The combination of iconography and shared values helps create a cult-like following among its loyal customers, but not in the bad, need-for-a-deprogrammer-kind of way. Instead, it’s more along the lines of a I-like-what-you-stand-for-so-I’m-going-to-shop-with-you-even-if-you’re-more-expensive-kind of way.

To climbers, The North Face is shorthand for the path less traveled and there’s a reason. It’s so damn difficult. Consequently, any company that would adopt that name would have to live up to some pretty exacting standards to survive such trying conditions. The North Face not only delivers, it plays to the self-image of its customers by encouraging customers to explore while using it, making them members of a cult of explorers.

That’s just half the battle in an effort to mine the mythos. Once the company calls its consumers explorers, they feel the need to rise to that occasion. As with Patagonia, The North Face provides a technology platform to do so. They go out and create new myths and legends based on what they’ve been able to do with the equipment by using applications like the Snow Report to talk about what they’ve done.

Not all of its customers were members, but those who were remained loyal (thanks to member discounts, quality gear and a great deal of customer support, including instruction on how to get started, what to use and how to use it). The shared sense of mission helped make the company a success.

Later, when REI realized that its customer base was aging and that the brand wasn’t connecting with younger consumers, management changed everything from its store plans to its packaging and its use of symbols. The update helped attract a new generation of followers (without alientating its loyal core), thanks in part, to a new generation of product design evangelists, and marketers with long term vision.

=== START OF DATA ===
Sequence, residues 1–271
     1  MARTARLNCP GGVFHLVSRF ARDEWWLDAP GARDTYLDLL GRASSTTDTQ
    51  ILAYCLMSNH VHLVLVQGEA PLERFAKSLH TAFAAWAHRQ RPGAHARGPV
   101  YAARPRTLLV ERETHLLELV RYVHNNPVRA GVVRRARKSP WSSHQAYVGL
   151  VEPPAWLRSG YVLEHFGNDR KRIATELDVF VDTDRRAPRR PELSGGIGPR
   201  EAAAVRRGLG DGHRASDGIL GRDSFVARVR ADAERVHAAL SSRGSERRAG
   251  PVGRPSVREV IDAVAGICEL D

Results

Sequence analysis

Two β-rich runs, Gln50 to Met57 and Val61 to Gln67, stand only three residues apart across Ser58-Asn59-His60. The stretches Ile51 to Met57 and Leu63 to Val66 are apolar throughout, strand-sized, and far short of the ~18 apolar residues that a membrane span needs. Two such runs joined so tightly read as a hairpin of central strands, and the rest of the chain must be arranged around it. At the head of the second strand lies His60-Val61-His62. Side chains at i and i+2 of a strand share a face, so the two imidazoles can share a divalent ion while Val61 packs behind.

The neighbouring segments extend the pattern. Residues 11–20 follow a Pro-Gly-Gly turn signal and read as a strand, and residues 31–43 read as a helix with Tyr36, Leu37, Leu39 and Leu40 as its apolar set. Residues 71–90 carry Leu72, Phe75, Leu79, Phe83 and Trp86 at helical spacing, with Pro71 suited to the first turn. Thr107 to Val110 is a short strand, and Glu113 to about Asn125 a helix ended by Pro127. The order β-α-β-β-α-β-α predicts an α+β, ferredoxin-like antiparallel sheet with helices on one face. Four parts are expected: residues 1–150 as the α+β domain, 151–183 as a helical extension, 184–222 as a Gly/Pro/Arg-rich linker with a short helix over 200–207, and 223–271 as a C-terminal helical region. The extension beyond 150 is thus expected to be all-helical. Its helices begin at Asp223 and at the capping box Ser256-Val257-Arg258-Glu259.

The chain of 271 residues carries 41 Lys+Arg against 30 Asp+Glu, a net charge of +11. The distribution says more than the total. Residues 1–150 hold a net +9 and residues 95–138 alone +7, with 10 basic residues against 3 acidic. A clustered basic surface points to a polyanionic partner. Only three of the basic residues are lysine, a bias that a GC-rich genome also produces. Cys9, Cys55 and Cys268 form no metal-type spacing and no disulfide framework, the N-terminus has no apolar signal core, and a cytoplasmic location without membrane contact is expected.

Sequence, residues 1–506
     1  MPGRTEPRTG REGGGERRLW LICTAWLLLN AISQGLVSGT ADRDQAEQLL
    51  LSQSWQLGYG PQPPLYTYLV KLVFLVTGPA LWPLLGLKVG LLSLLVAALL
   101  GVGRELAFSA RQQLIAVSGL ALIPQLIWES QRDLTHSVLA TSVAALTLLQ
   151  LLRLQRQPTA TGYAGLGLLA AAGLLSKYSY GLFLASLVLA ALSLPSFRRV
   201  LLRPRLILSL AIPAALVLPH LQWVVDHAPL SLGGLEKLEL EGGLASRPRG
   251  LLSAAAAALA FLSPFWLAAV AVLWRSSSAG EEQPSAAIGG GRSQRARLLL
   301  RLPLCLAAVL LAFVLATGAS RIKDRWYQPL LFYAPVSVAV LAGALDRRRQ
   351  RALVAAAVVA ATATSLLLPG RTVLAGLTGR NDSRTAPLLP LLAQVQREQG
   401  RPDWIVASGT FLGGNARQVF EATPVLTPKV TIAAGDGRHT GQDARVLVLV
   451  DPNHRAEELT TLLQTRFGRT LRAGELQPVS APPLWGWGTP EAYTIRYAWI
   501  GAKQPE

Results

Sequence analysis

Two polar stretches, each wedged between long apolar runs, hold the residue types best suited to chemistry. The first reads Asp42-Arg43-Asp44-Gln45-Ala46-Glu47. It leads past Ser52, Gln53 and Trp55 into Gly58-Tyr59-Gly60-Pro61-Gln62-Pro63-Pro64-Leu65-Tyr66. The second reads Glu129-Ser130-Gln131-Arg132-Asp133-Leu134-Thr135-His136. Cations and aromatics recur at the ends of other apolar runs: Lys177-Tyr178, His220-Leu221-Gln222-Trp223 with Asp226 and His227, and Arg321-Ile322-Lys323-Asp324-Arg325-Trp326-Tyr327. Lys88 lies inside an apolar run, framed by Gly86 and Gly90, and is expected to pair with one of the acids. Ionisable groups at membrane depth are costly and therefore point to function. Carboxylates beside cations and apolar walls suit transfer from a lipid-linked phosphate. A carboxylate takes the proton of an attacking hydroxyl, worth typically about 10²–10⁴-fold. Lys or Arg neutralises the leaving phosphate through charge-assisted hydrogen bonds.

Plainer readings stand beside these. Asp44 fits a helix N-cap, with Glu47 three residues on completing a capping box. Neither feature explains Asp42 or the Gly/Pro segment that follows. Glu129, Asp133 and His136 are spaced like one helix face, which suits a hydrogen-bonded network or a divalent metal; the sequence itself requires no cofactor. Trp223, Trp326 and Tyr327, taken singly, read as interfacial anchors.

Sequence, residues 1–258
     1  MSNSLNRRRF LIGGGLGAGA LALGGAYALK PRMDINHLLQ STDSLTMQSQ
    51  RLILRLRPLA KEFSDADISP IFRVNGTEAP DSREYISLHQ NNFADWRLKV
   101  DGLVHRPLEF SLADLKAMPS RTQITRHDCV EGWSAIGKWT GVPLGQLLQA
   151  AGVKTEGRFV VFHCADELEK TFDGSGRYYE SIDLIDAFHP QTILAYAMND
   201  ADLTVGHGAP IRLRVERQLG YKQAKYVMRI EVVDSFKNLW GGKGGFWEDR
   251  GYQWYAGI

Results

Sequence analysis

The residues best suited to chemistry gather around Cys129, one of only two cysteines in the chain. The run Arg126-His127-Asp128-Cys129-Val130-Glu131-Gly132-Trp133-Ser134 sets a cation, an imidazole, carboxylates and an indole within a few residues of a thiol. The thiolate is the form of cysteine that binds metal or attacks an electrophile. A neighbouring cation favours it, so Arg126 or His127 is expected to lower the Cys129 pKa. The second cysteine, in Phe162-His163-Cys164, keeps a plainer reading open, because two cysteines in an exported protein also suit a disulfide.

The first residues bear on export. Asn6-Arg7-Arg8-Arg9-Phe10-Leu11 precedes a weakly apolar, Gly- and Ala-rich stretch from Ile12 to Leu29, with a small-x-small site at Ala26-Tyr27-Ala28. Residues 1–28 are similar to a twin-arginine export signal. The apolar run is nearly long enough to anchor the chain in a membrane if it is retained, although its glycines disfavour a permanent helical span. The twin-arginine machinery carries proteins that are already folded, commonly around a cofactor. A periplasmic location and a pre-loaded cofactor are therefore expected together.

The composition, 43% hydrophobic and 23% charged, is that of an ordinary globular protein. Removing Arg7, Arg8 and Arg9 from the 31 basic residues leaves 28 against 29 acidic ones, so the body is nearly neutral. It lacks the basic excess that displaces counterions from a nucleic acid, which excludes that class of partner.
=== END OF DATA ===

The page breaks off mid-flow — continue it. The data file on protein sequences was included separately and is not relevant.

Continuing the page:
The company also leveraged the goodwill that already surrounded its brand by expanding into new areas that helped the company win more new converts who will tell REI’s story in new ways.

REI’s decision to purchase 11 million kilowatt hours of green power, which would offset 20 percent of its overall power usage is one way. When it did so, it suddenly popped up on the United States Environmental Protection Agency’ list of top 10 retailers who purchase cleanly generated electricity. It also promised to make its REI Adventures trips carbon neutral, to be climate neutral and generate zero waste to local landfills through focusing on green buildings, product stewardship and energy efficiency to name just a few.

As a result, the added layer of commitment allows for great storytelling which will expand the company mythology as it reaches new followers with deeper passion for the environment.

Now, it’s up to you. To paraphrase a software company’s old advertising campaign, where would you like your mythos to go today?

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Founder, President, & Chief Strategist
David was two decades into a design career with a wall full of shiny awards and a portfolio of clients including Nordstrom, Starbucks, Nintendo, and REI. His rocket trajectory veered when his oldest child faced a health challenge of indeterminate origin. Hundreds of research hours later, David identified food allergy as the issue and convinced skeptical medical professionals caring for his child. Since that experience, David and Retail Voodoo have been on a mission to create a cleaner, healthier, more sustainable food system for all.